Rule 26 states in pertinent part that “[u]nless manifest injustice would result, the court must require that the party seeking discovery[] pay the expert a reasonable fee for time spent in responding to discovery under Rule 26(b)(4)(A) or (D).” Fed.R.Civ.P. 26(b)(4)(E)(i). However, the Rule is silent with respect to the timing of that payment. Indeed, PC does not provide any authority to support its position that an expert witness may condition his or her appearance for deposition upon a payment in advance. In contrast, the weight of authority is to the contrary. Permitting an expert to condition his appearance upon prepayment of fees would undoubtedly hamper an opposing party's ability to conduct relevant discovery. Moreover, numerous courts have found that Rule 26(b)(4)(E) does not require the payment of expert fees in advance, and have required experts to appear for deposition without being paid in advance. See Harris v. Costco Wholesale Corp., 226 F.R.D. 675, 676 (S.D. Cal. 2005) (“The rule does not state, however, that the expert's fees must be paid in advance of the deposition absent agreement to do so. To the contrary, ‘unlike ordinary witness fees, no rule requires than an opposing expert's deposition fees be tendered to the witness in advance . . . .”) (internal citations omitted); Ratliff v. Baan Co., N.V., No. 1:99-cv-2455-WBH, 2003 WL 25774909, at *1 (N.D.Ga. Nov. 5, 2003) (ordering expert witness to submit to deposition without pre-payment of fees); Bartram, LLC v. Landmark Am. Ins. Co., No. 1:10-cv-00028-SPM-GRJ, 2011 WL 13186055, at *1 (N.D. Fla. Feb. 16, 2011) (an expert's fee does not have to be paid in advance); Regions Bank v. Kaplan, No. 8:12-CV-1837-T-17MAP, 2015 WL 4935694, at *2 (M.D. Fla. Aug. 18, 2015) (granting motion to defer payment to expert as Rule 26 does not require payment in advance); Guevara v. NCL (Bahamas) Ltd., No. 15-24294-CIV-WILLIAMS, 2017 WL 6598546, at *3 n.2 (S.D. Fla. Feb. 13, 2017) (“[T]here is absolutely no requirement in the Federal Rules of Civil Procedure that expert fees be paid in advance of the expert's deposition, and courts routinely order experts to submit to deposition before payment.”). This Court finds that it was improper for Zelaya to condition his appearance for deposition upon an advance payment.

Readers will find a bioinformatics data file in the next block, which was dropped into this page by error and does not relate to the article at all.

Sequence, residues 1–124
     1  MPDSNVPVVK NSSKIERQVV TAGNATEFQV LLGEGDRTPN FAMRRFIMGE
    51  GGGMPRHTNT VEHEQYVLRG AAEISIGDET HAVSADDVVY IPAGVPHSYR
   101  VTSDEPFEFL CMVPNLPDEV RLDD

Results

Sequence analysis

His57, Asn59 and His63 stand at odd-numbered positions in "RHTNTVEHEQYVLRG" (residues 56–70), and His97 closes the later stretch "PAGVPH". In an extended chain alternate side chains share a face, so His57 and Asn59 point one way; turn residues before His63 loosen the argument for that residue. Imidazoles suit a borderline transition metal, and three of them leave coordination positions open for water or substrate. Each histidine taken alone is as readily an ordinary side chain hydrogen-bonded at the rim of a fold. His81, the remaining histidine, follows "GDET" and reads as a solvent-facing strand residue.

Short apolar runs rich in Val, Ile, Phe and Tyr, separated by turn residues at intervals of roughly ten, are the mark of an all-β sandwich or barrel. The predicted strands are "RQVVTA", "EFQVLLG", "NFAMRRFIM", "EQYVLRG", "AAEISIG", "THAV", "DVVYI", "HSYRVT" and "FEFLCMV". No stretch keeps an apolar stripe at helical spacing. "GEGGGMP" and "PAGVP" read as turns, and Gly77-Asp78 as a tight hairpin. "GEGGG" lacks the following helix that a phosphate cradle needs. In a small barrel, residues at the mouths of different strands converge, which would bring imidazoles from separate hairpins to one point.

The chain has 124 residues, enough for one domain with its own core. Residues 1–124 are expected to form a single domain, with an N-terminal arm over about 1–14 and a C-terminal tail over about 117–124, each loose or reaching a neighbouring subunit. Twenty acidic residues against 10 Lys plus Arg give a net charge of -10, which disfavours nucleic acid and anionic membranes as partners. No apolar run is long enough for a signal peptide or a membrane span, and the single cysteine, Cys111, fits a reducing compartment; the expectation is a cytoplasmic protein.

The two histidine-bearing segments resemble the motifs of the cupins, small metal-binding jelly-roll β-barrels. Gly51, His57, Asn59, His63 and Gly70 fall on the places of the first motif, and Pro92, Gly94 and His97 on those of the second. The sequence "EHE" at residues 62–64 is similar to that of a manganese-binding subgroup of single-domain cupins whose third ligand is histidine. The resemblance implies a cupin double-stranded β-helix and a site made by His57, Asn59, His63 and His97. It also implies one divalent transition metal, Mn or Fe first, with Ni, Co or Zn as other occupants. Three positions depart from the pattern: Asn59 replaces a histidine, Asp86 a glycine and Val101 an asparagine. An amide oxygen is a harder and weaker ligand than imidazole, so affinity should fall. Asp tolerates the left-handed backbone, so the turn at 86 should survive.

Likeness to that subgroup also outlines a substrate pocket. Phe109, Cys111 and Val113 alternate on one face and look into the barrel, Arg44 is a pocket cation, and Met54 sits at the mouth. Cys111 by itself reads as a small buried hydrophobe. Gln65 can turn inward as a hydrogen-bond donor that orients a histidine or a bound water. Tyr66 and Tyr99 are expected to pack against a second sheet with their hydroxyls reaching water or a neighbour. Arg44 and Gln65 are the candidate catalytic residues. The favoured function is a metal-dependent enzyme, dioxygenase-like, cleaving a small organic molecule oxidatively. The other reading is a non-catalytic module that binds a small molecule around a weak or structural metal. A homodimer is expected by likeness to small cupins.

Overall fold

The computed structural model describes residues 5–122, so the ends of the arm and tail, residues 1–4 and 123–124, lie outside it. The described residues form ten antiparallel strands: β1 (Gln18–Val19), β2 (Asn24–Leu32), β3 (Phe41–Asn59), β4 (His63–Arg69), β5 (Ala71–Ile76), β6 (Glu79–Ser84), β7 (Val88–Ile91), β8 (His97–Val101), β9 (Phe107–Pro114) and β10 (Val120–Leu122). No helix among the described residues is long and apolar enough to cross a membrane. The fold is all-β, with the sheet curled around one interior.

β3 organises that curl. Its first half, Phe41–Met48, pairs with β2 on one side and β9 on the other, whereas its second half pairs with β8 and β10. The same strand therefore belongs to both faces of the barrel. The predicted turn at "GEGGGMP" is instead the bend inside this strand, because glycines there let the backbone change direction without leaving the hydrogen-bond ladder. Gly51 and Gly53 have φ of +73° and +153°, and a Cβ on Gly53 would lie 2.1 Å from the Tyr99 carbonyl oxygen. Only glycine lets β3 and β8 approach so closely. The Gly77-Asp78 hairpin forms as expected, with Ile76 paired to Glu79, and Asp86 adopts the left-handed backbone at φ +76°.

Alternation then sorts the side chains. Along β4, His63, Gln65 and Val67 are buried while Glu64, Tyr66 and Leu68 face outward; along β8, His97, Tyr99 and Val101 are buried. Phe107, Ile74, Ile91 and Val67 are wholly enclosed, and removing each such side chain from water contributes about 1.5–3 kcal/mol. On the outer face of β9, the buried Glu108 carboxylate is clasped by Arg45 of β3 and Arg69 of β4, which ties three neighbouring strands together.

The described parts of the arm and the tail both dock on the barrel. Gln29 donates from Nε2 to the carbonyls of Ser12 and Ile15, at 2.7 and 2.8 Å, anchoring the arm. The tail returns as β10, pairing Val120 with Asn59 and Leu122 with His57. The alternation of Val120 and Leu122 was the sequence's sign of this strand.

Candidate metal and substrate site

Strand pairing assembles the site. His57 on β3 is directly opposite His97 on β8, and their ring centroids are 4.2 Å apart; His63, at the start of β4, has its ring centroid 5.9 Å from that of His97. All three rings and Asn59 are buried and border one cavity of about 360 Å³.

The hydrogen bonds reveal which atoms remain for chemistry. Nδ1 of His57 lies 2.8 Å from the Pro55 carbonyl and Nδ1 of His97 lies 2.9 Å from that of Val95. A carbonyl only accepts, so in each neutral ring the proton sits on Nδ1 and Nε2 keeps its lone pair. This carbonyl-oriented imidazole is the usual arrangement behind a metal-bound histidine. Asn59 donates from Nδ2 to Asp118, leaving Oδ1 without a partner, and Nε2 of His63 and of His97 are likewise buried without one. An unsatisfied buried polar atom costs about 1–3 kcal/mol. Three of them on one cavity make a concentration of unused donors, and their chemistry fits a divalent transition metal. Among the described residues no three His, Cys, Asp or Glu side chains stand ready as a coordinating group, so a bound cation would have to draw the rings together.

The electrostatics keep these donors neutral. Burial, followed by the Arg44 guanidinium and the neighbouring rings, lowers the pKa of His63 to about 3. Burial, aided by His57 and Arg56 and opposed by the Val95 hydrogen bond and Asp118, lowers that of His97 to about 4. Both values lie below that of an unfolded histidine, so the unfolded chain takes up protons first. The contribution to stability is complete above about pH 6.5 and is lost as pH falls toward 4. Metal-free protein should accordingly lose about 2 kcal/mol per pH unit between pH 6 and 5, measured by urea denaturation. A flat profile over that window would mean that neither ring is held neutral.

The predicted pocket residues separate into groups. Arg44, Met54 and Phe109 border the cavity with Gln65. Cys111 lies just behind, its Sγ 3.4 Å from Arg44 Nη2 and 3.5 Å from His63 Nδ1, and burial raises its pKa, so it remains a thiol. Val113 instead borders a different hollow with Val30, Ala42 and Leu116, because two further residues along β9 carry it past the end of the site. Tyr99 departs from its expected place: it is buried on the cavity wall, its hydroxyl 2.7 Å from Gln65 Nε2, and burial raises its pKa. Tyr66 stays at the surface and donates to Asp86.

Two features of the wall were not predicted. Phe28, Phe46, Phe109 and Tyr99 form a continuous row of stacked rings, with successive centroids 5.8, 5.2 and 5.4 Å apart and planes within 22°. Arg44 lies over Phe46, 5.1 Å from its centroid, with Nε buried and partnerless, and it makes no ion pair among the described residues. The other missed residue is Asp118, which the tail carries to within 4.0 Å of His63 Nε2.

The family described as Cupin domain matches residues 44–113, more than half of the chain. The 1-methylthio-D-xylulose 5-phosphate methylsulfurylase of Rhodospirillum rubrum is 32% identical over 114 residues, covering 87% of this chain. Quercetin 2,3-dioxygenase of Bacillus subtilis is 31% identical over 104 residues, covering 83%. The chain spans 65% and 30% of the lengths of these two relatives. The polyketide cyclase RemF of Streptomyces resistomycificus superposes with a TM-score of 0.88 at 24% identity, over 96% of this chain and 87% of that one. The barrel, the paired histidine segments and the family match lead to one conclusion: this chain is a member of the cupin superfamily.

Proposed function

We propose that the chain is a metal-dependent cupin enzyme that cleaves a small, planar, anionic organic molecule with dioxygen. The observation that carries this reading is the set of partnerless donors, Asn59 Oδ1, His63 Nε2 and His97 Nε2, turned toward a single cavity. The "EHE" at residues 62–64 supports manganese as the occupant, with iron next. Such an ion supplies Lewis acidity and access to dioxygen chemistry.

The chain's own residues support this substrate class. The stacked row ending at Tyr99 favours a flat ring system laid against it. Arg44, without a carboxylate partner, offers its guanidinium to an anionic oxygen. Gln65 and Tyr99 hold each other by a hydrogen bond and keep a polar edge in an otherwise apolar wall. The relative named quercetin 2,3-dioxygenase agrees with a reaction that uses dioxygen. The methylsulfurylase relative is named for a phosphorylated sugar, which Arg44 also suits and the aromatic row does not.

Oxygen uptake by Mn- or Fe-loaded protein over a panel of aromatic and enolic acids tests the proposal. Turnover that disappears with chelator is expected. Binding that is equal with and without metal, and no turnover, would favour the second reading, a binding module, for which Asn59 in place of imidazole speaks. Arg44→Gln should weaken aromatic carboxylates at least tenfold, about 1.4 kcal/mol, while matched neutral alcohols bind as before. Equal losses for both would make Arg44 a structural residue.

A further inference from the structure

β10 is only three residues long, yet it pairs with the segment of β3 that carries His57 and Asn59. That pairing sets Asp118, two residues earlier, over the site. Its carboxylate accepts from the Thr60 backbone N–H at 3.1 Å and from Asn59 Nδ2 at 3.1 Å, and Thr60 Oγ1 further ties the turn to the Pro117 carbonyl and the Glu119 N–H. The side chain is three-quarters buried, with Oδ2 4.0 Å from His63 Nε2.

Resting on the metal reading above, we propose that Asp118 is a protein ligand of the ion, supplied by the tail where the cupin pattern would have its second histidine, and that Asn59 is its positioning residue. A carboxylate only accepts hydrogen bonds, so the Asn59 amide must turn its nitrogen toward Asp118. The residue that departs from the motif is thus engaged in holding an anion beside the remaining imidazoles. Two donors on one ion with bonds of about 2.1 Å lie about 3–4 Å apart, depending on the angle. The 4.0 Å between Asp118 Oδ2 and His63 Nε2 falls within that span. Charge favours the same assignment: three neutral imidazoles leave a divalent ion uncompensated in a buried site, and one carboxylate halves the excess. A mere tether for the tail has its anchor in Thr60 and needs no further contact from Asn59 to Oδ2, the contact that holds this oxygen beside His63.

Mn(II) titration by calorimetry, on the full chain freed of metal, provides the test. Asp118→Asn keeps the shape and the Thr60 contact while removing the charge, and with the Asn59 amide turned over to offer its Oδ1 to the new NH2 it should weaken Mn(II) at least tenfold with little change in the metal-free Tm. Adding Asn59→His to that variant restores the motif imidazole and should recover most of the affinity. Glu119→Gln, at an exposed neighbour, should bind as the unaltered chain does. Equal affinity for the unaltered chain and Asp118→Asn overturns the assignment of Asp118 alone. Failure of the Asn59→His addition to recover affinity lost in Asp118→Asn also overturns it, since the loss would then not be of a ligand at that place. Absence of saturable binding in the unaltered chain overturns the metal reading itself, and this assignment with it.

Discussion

The next issue is whether contempt or other sanctions are warranted in this case. Zelaya acknowledges that he has been retained as an expert and Lexington does not challenge the reasonableness of his fee. In addition, neither PC nor Zelaya contend that Zelaya was not properly subpoenaed. Although Zelaya's deposition had been noticed since the beginning of March, no motion for protective order was filed. Indeed, Zelaya informed Lexington less than a week before his deposition of his expectation that he be paid a sum certain in advance of his appearance and that he would not appear otherwise. And, the fact remains that Zelaya failed to comply with a properly served subpoena. According to Rule 45, “[t]he court for the district where compliance is required . . . may hold in contempt a person who, having been served, fails without adequate excuse to obey the subpoena or an order related to it.” Fed.R.Civ.P. 45(g).